This summer, Dr. Ashley Mulligan, assistant professor of English at Lee University, earned her doctor in philosophy in English at Pennsylvania State University (Penn State), her specialty research area being 19th Century British Literature.
Dr. Mulligan began pursuing her master of arts in English at Penn State following her graduation from Lee University in 2015. By the time she accepted the role as a Late British Literature professor at Lee in 2019, Dr. Mulligan was less than halfway through writing her dissertation.
“It was difficult to stay intellectually invested in my scholarship during the semesters when my passion was to teach and build relationships with my students,” said Dr.
Mulligan. “But I often found that their enthusiasm and insights in the classroom—especially when I was teaching them Wordsworth’s or other Romantics’ poetry—reinvigorated me and gave me the inspiration I needed to finish it.”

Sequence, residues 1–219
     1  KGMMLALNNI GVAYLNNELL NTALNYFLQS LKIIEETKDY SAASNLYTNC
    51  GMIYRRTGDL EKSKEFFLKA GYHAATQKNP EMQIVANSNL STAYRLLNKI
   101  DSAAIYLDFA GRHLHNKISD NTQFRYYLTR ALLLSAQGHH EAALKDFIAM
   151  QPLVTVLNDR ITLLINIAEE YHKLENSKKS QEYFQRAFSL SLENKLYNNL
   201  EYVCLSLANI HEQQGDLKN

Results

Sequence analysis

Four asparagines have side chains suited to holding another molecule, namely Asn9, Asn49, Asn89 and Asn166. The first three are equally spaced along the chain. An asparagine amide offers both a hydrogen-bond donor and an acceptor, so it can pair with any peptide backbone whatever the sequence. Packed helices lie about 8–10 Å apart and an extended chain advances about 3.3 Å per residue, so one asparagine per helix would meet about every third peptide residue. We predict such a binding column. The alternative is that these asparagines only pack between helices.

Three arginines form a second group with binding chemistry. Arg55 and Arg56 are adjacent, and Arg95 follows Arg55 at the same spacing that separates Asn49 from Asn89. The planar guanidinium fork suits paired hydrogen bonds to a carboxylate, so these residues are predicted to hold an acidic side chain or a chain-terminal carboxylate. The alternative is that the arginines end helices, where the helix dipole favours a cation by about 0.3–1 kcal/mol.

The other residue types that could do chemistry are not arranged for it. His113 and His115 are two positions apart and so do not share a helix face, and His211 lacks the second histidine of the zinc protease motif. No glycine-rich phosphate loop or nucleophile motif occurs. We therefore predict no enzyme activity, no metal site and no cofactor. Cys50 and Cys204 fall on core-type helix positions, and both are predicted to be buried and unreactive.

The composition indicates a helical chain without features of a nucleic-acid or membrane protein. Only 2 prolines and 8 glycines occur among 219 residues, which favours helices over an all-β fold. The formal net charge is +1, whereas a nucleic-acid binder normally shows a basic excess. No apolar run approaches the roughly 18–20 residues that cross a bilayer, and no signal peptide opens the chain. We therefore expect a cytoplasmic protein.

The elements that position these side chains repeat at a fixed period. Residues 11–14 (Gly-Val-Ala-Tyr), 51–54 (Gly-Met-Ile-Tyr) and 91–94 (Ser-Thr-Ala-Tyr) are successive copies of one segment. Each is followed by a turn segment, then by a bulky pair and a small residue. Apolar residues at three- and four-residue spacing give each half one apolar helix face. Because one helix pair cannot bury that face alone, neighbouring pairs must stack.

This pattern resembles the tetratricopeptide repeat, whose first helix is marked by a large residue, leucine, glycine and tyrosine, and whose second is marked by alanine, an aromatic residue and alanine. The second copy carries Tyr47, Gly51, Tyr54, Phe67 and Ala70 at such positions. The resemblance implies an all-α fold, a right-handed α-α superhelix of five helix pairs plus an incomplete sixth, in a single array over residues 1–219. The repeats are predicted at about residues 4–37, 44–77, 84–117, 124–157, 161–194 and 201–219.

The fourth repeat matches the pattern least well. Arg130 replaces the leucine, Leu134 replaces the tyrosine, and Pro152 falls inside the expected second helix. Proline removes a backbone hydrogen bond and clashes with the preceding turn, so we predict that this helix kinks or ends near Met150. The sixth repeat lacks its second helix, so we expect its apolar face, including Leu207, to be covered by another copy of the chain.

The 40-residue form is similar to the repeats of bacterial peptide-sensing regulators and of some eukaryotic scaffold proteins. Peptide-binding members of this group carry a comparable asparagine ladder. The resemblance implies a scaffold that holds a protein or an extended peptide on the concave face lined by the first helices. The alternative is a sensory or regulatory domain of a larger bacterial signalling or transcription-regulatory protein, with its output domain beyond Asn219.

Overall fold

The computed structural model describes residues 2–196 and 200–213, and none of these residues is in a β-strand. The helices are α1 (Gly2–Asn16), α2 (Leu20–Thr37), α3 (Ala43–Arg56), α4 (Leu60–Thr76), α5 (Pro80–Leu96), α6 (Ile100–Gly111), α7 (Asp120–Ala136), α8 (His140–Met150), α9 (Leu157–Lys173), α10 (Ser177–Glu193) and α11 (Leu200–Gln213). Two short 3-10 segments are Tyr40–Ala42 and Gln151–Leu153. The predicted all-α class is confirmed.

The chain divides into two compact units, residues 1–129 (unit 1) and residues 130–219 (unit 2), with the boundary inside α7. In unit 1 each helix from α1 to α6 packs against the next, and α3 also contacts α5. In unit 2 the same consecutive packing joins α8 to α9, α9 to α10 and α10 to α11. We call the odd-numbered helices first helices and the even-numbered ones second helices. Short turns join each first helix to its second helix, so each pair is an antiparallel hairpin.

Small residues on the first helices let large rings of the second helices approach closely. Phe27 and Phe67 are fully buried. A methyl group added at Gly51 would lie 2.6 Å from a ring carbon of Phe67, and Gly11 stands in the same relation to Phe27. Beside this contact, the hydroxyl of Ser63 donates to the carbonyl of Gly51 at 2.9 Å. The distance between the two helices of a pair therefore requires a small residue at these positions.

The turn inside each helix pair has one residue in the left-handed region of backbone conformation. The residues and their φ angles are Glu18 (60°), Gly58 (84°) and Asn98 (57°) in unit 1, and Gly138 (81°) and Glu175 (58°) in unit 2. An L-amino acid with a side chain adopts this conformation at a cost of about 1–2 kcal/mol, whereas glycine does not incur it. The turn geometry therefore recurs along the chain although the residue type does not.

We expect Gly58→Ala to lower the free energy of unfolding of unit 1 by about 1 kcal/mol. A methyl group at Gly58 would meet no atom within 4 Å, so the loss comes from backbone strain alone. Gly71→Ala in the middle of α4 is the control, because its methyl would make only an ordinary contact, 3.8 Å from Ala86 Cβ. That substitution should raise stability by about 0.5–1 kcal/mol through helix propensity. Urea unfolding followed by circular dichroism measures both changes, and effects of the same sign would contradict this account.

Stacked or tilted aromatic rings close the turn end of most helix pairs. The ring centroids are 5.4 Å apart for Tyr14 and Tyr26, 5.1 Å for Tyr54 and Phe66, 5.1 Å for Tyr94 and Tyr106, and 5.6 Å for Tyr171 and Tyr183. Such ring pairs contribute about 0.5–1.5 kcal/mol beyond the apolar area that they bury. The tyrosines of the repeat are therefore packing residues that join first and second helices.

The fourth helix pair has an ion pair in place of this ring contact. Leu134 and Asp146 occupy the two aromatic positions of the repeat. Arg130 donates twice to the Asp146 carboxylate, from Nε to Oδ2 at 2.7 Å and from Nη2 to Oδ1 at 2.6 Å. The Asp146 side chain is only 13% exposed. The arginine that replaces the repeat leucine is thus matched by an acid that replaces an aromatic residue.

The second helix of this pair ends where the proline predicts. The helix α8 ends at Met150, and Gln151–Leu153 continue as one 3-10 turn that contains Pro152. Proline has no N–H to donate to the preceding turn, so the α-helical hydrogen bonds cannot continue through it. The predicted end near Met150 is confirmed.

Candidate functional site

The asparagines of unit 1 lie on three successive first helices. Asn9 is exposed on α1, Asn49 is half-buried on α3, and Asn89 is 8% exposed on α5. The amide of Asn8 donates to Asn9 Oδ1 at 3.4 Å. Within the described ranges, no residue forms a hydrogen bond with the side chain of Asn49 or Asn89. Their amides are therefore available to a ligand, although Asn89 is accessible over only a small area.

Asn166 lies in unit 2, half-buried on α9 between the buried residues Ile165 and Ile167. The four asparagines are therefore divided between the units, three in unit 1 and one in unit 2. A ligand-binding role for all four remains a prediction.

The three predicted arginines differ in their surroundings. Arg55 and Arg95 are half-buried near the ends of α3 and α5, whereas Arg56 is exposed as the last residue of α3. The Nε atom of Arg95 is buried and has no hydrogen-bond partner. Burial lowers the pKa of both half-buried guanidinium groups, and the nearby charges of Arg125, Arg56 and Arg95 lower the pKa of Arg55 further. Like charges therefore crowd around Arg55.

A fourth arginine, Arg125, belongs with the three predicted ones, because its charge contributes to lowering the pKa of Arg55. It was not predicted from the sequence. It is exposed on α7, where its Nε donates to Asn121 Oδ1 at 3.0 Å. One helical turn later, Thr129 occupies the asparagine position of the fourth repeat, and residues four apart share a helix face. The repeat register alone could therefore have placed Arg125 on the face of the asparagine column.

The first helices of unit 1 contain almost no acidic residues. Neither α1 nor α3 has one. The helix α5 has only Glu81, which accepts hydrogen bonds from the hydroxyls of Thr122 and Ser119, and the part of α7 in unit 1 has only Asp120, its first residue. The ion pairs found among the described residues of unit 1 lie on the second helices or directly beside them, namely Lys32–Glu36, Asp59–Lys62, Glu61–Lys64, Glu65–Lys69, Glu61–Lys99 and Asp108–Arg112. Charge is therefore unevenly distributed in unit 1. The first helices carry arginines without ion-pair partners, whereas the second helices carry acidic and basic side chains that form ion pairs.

The dissertation, titled “Wordworth’s Sacrificial Poetics: Rhetoric and Self-Formation, 1791-1801,” suggests that the Romantic’s tradition of poetry, influenced by freedom of creation, was largely unaware of the pain and doubt William Wordsworth experienced in his calling as a poet. Dr. Mulligan suggested that Wordsworth's wrestle with failure and fragility in his earlier works was an act of sacrifice for the betterment of his readers.
“Wordsworth’s rhetorical adjustments from the beginning to the end of the 1790s were subtle and delicate, but my dissertation demonstrates how when focalized, they illuminate a new aspect of his poetics—that his theory involved his rhetorical posturing as a kind of stoic sage who consented to the inevitable pain of composition for the sake of his readers’ souls,” said Dr. Mulligan.
Dr. Mulligan ties her dissertation specifically to one of Wordsworth’s most famous poems, “Tintern Abbey,” which tells of the tranquility of nature and how it influenced his deeds of kindness. Dr. Mulligan argued that Wordsworth used his own experience of pain in his poetry to convince his readers to perform “social acts of care.”
“I am so proud to have completed this degree and know it wouldn’t have happened but through the grace of God and pivotal moments of encouragement from family, mentors and students,” said Dr. Mulligan.